How 764 Jews Jumped From Moving Shoah Trains To Escape Death Camps

Historian Documents 'Leaps of Faith' — and Survivors' Guilt

Somber Milestone: Mourners lay flowers at the site of Berlin’s rail line that took Jews to death camps on the 70th anniversary of the deportations.
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Somber Milestone: Mourners lay flowers at the site of Berlin’s rail line that took Jews to death camps on the 70th anniversary of the deportations.

By Forward Staff

Published April 09, 2014.

At least 764 Jews managed to escape the Holocaust by jumping out of moving trains on their way to the death camps, new historical research shows.

“I was amazed that this happened at all,” Tanja von Fransecky, a German historian, told the Independendent newspaper.) “I had always assumed that the wagons were stuffed full prior to departure and simply opened on arrival and that not much could happen in between.”

Leo Bretholz
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Leo Bretholz

Among those who escaped was Leo Bretholz, the Maryland survivor and Jewish activist who died recently at 93. Bretholz, who managed to bend the bars of a small window in his train car with the help of a urine-soaked sweater, spent the rest of the World War II on the run from the Nazis.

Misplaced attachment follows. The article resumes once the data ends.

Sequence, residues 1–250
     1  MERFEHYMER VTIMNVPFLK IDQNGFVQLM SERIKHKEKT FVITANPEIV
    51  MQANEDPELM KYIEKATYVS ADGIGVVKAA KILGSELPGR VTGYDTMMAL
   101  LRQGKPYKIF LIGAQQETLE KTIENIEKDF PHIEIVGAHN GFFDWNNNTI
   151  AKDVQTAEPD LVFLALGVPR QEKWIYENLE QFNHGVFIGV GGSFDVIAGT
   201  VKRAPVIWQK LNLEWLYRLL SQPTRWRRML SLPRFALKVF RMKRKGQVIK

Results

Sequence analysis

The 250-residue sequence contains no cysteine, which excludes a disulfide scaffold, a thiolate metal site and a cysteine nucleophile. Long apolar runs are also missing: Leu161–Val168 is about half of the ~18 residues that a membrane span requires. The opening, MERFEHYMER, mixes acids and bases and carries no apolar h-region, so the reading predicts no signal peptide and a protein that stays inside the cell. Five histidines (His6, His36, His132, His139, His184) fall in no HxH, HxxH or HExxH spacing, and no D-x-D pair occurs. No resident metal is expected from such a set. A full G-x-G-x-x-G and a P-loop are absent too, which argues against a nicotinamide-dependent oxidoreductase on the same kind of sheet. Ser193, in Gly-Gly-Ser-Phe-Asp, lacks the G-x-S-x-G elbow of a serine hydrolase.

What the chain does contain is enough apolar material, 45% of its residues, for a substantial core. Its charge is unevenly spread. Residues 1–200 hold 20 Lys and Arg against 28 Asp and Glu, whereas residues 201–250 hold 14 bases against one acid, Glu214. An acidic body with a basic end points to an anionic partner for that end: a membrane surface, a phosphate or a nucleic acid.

Bretholz spend the last years of his life campaigning for action against SNCF, a French rail company accused of complicity in the deportation of Jews to the camps.

Tanja von Fransecky, a German historian, came up with the surprising figure after spending four years interviewing survivors and researching archives in Israel and across Europe for her study “Jewish Escapes from Deportation Trains.”

Von Fransecky acknowledged being shocked that so many many Jews managed to get out of the packed cattle cars. She heard tales of agonizing scenes as would-be escapers struggled to break free from the Nazi transports with the help of smuggled tools or their bare hands.

Often the escapees faced angry criticism from frightened fellow passengers.

“Hadn’t they been told that they would all be shot if someone escaped?” and “who will look after the old, the sick and the tiny children?” they would ask.

Von Fransecky stressed that the escapees faced a deep moral dilemma, particularly if they left someone behind. Many of them never told anyone about their escapes until decades after the war and many others certainly died trying to get away.

“It is one of the reasons why many survivors kept silent for years after the war,” she added.



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